What constitutes a feng shui garden? What color of plants should I use? Are some plants better to use than others? What about shapes?
This year I am late planting my garden due to cold and rainy weather. Maybe unlike me, you already have a garden in full bloom. But I find a gardener always has room for a few more plants. Sometimes something you’ve planted fails, and you are looking for a replacement to fill the gap or perhaps that new plant just doesn’t have the right color or texture. Or maybe you are just starting to garden and are looking for a few ideas. Do you employ feng shui in your home or office and now want to explore a feng shui garden? Here are a few hints to get you started.
In other articles I have talked about the eight trigrams and their relationship to people, the five elements, colors, shapes and the productive cycle. You can use these ideas in your garden. First take a look around your garden. Do you have any dead or dying plants, shrubs and trees? Are there piles of brush, trash or untidy compost piles in your yard? Take care and clean them up.
Make a Plan
Next you might want to make a chart of what you currently have in your yard. Organize your list with columns for type, color, texture. If you want, you can draw a plan and color it. You don’t have to be an artist. This is just for your use so you can picture the garden as it is and as it can be. Do you want to keep everything? Is it working where it currently is? You might want to add a column to your chart for keep, move or give away.
Now start to plan you garden. Each compass direction has a color, element and shape. In the North white flowers and silvery plants work well. This area does not get as much light as other areas, and the white flowers can perk it up. Blue flowers and plants with a blue hue are also suitable for the north. Add a touch of gold or bronze colored plants for variety. Wavy shapes represent the element of the North-water. Design your beds with curves like gentle waves instead of straight lines.
The Northeast is an earth area. Earth colors are tan, beige, yellow and brown. Yellow flowers are easy to come by and you might consider some ornamental grasses to fill in the browner shades. Add some white and then a little red to enhance the earth tones. Use brick to outline the beds. Pottery planters in earth tones would also work well. Southwest is also earth. This is a late summer earth and more dry than the Northeast. Take this into consideration when you plan your colors for this area.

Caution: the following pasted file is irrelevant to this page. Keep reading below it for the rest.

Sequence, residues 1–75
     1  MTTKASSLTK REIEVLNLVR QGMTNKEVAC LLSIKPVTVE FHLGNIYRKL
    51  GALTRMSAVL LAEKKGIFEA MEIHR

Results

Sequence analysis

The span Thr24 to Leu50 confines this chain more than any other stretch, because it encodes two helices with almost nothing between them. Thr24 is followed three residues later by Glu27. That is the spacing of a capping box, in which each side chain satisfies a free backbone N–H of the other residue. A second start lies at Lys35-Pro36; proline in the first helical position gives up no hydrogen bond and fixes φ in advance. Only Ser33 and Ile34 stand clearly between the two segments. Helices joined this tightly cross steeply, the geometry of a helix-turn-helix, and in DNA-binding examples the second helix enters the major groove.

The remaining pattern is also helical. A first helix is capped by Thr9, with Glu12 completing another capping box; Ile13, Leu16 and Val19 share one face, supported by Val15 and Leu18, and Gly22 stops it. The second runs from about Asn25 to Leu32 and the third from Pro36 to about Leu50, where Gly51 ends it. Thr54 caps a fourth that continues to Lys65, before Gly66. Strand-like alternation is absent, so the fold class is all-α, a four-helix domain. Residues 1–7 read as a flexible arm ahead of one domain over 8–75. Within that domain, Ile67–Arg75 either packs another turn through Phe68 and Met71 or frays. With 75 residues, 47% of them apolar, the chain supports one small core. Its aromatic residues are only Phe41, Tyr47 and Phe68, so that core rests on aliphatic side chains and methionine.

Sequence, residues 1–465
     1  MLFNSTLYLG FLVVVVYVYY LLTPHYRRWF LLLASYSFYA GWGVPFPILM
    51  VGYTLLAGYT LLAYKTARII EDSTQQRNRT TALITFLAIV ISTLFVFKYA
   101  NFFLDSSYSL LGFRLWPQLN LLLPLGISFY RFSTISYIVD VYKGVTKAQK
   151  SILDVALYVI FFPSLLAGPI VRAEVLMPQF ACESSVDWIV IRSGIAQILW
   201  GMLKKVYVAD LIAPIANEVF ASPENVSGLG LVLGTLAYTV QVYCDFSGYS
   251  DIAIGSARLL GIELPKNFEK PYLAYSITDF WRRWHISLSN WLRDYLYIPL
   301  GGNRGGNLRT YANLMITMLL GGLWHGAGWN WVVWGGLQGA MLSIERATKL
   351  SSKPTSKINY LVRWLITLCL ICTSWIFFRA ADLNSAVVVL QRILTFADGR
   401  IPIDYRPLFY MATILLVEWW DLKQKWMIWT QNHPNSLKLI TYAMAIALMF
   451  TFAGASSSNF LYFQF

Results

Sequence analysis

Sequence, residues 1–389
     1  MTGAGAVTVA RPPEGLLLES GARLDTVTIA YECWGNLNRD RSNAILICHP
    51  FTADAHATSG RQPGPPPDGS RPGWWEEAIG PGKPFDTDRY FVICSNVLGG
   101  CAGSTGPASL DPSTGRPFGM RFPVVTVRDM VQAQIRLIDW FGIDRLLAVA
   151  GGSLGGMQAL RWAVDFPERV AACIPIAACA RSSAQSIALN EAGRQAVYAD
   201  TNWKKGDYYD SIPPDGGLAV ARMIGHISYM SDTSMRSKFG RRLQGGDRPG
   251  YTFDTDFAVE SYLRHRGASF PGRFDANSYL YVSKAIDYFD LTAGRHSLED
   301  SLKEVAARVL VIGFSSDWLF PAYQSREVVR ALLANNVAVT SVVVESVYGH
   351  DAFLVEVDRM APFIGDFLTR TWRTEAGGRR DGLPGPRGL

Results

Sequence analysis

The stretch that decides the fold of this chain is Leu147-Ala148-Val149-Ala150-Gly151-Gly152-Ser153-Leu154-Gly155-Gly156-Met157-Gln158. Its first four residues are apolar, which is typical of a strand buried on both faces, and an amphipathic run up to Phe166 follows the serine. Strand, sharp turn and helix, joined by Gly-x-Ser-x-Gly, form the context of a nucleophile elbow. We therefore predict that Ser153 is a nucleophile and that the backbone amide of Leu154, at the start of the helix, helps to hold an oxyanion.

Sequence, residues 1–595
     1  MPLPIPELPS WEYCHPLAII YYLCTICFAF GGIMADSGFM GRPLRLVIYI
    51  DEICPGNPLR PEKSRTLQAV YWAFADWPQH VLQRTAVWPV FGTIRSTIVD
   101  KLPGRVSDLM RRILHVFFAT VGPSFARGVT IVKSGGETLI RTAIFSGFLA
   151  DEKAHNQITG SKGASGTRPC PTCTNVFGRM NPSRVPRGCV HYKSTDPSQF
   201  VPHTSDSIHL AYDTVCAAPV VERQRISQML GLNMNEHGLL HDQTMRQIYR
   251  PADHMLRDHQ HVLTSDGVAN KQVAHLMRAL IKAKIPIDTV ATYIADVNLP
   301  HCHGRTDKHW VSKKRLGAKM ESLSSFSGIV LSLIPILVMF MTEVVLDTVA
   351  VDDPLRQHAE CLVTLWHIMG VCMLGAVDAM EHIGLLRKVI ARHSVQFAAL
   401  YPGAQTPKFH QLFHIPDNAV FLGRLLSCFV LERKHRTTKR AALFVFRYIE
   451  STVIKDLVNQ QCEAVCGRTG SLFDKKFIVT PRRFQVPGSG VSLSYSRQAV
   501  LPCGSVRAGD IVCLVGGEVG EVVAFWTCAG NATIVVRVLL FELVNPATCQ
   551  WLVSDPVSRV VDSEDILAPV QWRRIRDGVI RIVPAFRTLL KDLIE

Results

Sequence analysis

East and Southeast are both wood but the East is early spring so the colors of green should be lighter than in the southeast. There are green flowers available such as Lady’s Mantle and Bells of Ireland. There is even a green rose. Have some fun researching for something new to add to your garden in this color. Some blue will enhance the area. You can use tall, rectangular shapes as well.
South likes red as this is the fire trigram. Enjoy your opportunity to use red but be careful not to overdo it. Shades of orange or hot pinks also work in the south. Use some white to keep the area from visually over heating. Triangular or pyramid shapes represent fire. You will be able to find some interesting objects to enhance the south.
West and Northwest are metal. West is the youngest daughter, so make your plantings more playful. White and metallic colors represent metal and yellow will enhance the area. The shape is round. Go to town and have fun. The Northwest represents the head of household so go more formal in this area.
Plan for Next Year
Now make a list of the new plants you would like to use and make a new plan or chart. It is always nice to have a diagram to show what is planted where. Come next spring you won’t wonder if you planted something in a particular spot or if that a weed or plant.
Don’t forget to enjoy your garden. Have you used Feng Shui to plan your garden? What are your favorite flowers?
all rights reserved © Diane Kern 2011